Indian markets have given optimum returns in recent times despite the global market consensus by outperforming the global indexes. As per reports, Indian markets have delivered 18.8 per cent annualized return over the last five years. In comparison, US and Japan Index delivered 6.9 per cent and 12.1 per cent returns. However, the last week in Indian markets has seen a downtrend eroding wealth due to sudden stock market crash. Sensex which was well above 66,400 levels has lost over 3,300 points in a mere six trading sessions, closing at 63,148 levels on Thursday (26 Oct).
So what happened in these six trading sessions that resulted in such a stock market crash today? Let’s explore the major reasons for it:
Overview of the Indian Market Downtrend
The existing risk-off in the global equity market marred by the geopolitics of the Israel-Hamas conflict and economic factors like US bond yield, and FII’s selling-off Indian stocks have collectively caused the headwind for the market downfall.
4 Key Reasons Why The Indian Stock Market Crashed
- Israel-Hamas War
- The ongoing Israel-Hamas conflict has already entered its 20th day and there are no signs of it fizzing out any time soon. The tension has already shown its effect firsthand in the Middle East and around the globe causing panic among investors and triggering sell in major exchanges inducing stock market crash.
- US Treasury Yield Rise
- The 10-year US Treasury Yield rose above 5% for the first time in 16 years causing retracement among investors. US Treasury yield marks as a measure of how much it costs the American government to borrow. This rise in yields has impacted the broader markets and caused a domino effect in the stock exchanges of the world.
- Disappointing Q2 Results
- The last week saw an influx of Q2 results from Dmart, TCS, ICICI Bank, Infosys, Asian Paints, Kotak Mahindra Bank, etc. Major companies reported an underwhelming Q2 performance in the market eroding the attraction of the investors. Even companies with good reports are not able to attract the kind of investment they should due to the overall market sentiment.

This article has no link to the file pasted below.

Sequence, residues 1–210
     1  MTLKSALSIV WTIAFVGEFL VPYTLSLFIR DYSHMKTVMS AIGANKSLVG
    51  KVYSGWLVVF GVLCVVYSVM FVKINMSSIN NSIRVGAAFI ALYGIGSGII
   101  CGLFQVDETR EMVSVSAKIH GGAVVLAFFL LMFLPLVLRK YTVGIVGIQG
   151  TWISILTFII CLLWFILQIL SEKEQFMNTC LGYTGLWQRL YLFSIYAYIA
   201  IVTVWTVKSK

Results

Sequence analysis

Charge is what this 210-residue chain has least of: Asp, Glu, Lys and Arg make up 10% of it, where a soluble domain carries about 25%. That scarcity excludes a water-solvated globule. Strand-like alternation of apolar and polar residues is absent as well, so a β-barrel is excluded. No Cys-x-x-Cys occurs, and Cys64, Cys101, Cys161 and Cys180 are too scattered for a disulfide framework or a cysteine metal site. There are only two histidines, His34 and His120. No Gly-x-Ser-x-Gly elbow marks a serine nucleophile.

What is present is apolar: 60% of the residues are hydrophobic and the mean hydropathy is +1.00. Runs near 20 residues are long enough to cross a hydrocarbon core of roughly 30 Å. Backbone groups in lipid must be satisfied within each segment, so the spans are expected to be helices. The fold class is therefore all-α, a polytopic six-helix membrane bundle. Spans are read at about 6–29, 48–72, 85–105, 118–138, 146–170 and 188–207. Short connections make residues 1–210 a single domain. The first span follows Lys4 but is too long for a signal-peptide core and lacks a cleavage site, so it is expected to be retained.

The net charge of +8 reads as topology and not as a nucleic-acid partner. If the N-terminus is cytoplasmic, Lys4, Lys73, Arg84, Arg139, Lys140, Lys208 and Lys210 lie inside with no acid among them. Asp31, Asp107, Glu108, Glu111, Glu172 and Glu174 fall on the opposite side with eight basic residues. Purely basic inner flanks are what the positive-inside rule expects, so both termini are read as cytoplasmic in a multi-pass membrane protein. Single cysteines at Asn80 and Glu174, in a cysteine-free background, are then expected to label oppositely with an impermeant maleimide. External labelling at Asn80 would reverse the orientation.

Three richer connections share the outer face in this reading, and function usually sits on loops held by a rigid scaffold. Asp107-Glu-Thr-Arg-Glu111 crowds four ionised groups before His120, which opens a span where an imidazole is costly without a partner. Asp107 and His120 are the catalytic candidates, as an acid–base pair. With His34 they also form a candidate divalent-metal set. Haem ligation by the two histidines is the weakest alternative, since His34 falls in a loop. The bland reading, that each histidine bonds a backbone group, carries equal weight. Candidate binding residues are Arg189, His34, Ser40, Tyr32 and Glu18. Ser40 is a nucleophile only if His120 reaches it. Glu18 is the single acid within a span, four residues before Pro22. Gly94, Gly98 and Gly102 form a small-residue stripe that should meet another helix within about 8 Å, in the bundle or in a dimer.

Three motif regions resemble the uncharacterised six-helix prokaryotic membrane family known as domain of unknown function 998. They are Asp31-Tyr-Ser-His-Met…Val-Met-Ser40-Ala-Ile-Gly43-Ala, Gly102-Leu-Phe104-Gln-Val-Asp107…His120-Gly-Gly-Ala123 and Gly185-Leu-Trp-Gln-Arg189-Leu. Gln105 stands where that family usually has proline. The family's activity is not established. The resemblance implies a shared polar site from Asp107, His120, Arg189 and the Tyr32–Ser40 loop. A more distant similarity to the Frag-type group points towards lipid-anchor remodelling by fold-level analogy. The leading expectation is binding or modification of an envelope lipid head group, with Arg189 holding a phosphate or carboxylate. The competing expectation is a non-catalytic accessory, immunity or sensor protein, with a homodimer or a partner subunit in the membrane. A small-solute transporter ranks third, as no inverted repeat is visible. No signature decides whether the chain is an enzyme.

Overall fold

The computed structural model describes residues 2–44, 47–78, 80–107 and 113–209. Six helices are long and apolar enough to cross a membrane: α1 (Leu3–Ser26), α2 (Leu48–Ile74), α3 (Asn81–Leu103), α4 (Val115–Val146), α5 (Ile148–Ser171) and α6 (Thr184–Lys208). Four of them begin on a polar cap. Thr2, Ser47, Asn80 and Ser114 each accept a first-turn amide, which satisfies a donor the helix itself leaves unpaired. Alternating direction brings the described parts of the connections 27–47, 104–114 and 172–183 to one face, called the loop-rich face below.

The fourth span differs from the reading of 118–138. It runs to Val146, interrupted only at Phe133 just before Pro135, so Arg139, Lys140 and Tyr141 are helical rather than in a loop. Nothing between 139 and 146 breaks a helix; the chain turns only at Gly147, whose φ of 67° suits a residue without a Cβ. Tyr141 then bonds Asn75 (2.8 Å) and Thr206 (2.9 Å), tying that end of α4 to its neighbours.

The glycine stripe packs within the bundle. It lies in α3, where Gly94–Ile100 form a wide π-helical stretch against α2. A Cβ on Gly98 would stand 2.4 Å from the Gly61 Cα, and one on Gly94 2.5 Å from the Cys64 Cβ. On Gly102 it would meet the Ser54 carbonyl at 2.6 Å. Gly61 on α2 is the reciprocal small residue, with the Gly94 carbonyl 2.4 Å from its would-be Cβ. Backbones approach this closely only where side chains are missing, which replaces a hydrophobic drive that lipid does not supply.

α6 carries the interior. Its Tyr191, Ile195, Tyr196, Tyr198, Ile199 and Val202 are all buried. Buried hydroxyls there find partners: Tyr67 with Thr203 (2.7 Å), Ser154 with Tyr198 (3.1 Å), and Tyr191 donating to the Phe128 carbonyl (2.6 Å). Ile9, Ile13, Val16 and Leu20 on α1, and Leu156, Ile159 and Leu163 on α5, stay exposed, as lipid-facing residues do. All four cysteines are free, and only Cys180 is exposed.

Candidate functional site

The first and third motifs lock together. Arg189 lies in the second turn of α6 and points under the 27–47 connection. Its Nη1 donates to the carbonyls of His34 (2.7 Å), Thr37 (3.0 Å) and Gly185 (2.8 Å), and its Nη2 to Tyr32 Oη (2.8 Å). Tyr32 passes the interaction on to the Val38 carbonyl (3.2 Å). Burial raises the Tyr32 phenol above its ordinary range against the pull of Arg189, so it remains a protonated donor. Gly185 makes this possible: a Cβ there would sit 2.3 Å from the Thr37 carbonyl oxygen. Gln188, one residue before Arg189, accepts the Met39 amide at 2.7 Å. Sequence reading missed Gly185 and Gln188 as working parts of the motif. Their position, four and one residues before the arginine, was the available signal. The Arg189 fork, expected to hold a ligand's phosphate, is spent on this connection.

- FIIs’ Selling
- Foreign Institutional Investors (FII) have been continuously selling in the Indian equity market in the last few weeks. With the US Dollar Index affixing itself above 106 levels for the last week, FIIs have been shifting their money from emerging markets of India to other asset classes abroad. The US Dollar Index and Indian markets have an inverse relationship where and when the dollar index falls, FIIs invest more in the Indian market as it gives more return per se as compared to returns from the dollar.
The Looming Horizon: Time for Caution or Opportunity?
The conundrum of Fear vs. Greed holds true for the stock market and such a sudden market downtrend often pushes investors into panic selling and retreating from the markets. But is that warranted?
Not if, you’re a long-term investor and your long-term goals haven’t changed. As a long-term investor, timely corrections are part of the investment horizon, and staying invested is the right choice to create long-term wealth.
Such a sudden market downtrend also presents an opportunity for entry points where you can top up your investments with lumpsum or SIPs, allowing you to buy more units at lower prices and average out your costs. An informed market decision can help you turn this moment into a perfect opportunity for entry and long-term wealth creation.
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